Trump's reckless trade war could actually help turn the Senate blue.

Given Trump’s historic unpopularity, Republicans are already facing a blue wave in November that could flip control of one or both houses of Congress. But now Trump’s reckless trade war is making things even worse for many red state GOP candidates — so bad that it could help turn the Senate blue.

The Associated Press reported Monday on the devastating impacts of Trump’s trade war in deeply red states like Tennessee, Missouri, Indiana, and North Dakota, as well as swing state Pennsylvania, which went for Trump in 2016. All of these states have pivotal Senate races that will help determine whether Republicans keep their majority.

And perhaps in no red state does the tariff crisis loom larger than Tennessee, a Republican bastion that Trump won by 26 points in 2016.

Jimmy Tosh, a third-generation hog farmer in rural Tennessee who almost always votes Republican, told the Associated Press that Trump’s trade war has hurt his family business, due to rising prices on both steel and pork.

Tosh said he plans to vote for Democrat Phil Bredesen over Trump loyalist Rep. Marsha Blackburn.

“This tariff situation has got me very, very, very concerned,” Tosh said. “I just think Bredesen would be better on that situation.”

Not only are Tennessee farmers facing deep trouble because of the new tariffs being slapped on their exports, but so is the state’s famous liquor business, which now finds itself stuck in the tariff crossfire.

Tennessee-based whiskey giant Jack Daniel’s, for example, sends roughly 60 percent of its business out of the country, according to the AP.

“Tariffs such as these, they can only do harm,” said Jack Daniel’s general manager Larry Combs.

Overall, an estimated $1.4 billion in Tennessee exports are threatened by Trump’s trade crusade, according to the U.S. Chamber of Commerce. And those Tennessee exports are linked to more than 850,000 jobs in the state.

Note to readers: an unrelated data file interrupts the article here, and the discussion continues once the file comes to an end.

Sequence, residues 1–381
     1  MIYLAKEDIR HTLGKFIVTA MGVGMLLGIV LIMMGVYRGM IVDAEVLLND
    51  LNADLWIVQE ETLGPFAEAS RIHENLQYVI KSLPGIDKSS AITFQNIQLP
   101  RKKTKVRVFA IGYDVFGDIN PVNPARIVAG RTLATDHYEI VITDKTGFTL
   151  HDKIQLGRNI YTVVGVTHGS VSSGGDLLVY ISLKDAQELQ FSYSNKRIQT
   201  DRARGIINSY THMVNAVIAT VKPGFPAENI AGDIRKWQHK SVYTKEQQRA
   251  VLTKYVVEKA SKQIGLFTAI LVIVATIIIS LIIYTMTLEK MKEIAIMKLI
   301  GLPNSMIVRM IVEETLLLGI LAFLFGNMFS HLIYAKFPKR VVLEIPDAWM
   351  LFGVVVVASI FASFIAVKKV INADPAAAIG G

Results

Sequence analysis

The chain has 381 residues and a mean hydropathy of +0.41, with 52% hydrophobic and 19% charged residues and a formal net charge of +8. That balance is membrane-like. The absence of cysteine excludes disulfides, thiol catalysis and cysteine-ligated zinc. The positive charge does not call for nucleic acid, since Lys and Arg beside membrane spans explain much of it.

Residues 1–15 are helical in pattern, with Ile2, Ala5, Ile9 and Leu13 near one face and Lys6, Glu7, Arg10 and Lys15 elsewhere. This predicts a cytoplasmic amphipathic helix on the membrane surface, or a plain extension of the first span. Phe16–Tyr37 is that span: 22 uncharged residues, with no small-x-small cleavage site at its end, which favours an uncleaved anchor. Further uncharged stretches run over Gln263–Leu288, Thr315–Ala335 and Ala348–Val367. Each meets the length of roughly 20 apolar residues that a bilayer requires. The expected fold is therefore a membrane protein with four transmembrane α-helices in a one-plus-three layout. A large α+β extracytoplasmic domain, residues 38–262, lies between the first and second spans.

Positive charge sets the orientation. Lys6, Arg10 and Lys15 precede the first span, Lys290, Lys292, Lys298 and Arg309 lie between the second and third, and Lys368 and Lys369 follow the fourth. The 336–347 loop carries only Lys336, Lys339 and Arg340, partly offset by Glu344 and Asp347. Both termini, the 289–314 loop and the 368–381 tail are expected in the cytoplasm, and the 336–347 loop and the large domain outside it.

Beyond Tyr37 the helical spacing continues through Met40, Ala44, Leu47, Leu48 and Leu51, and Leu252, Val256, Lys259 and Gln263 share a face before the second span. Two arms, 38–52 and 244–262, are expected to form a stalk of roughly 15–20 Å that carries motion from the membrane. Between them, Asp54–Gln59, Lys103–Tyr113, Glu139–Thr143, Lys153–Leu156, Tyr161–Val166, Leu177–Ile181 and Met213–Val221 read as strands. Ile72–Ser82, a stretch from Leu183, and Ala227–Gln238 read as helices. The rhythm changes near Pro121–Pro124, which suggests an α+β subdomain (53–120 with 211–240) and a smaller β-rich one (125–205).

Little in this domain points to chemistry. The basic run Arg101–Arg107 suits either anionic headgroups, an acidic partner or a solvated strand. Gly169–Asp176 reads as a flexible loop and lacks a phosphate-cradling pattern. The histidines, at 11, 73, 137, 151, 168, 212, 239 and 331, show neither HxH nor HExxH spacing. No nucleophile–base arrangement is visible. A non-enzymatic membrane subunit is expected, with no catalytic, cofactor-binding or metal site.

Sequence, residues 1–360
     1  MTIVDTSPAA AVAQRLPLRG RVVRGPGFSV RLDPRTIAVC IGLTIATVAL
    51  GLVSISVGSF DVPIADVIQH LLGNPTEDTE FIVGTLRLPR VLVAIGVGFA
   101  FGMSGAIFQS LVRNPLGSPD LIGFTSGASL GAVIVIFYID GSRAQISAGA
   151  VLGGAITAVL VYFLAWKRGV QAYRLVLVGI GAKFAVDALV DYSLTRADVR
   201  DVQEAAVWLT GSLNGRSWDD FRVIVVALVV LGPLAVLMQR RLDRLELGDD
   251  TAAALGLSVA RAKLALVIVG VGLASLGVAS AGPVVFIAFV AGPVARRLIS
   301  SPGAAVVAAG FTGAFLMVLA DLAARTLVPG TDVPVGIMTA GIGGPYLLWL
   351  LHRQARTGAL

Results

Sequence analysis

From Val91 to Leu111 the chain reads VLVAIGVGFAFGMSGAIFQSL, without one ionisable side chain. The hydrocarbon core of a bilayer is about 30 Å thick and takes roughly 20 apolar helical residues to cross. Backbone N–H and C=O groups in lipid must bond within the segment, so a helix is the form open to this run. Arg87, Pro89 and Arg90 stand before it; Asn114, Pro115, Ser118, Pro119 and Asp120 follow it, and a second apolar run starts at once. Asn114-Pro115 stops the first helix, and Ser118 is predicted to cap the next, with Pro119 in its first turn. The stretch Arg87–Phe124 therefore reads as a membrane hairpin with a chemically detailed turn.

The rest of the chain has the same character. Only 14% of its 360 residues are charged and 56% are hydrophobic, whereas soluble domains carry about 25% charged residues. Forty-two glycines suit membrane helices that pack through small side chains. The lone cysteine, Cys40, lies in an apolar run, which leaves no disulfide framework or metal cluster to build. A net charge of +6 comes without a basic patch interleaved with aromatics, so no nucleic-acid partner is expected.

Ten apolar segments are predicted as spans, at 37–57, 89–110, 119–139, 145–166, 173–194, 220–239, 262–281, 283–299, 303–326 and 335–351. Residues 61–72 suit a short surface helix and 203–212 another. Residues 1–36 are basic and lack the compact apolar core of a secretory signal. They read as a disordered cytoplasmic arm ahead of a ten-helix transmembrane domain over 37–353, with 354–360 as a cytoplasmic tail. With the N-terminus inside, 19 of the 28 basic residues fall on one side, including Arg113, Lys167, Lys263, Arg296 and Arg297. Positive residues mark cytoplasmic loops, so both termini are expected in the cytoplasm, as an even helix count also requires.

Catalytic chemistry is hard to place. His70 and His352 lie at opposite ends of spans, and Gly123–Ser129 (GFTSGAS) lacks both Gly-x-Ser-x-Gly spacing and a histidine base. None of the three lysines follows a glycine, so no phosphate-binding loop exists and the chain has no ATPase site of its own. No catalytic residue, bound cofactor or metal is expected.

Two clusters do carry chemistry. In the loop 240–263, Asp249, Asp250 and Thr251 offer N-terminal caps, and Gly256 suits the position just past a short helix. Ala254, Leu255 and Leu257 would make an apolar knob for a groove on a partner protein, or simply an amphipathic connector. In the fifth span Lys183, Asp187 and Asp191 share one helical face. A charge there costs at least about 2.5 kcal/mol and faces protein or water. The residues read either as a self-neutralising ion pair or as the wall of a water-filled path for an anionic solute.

The other key red states mentioned in the AP’s story, Missouri, Indiana, and North Dakota, are each home to nearly one million jobs connected to global trade.

In red state after red state, Senate candidates now find themselves scrambling to explain why they’re supporting Trump’s irrational tariffs — which specifically hurt red state economies.

A recent study by the Brookings Institute concluded that 12 of the 15 states likely to take the biggest tariff hits are red states.

For instance, of the 10 largest pork-producing states in America, eight voted for Trump. That means pro-Trump farmers like the ones in Tennessee will soon pay a steep price for his misguided trade initiative.

And the Republican Party saw all of this coming.

This spring, plenty of GOP senators loudly denounced Trump’s pending trade war, attacking it as “damaging” and “dumb.”

That’s because everyone, including business executives, economists, and politicians, saw where the trade war was heading. They knew it would produce nothing of value for America and would likely kill jobs.

These predictions are already coming true.

Last month, Wisconsin-based Harley-Davidson announced it was moving some motorcycle production overseas.

And in Missouri, the country’s largest nail manufacturer, Mid-Continent Nail — located in a county that voted 79 percent for Trump — announced that it was shedding hundreds of jobs and, thanks to Trump, will likely have to shut down by Labor Day.

That’s what the GOP has to defend this November.


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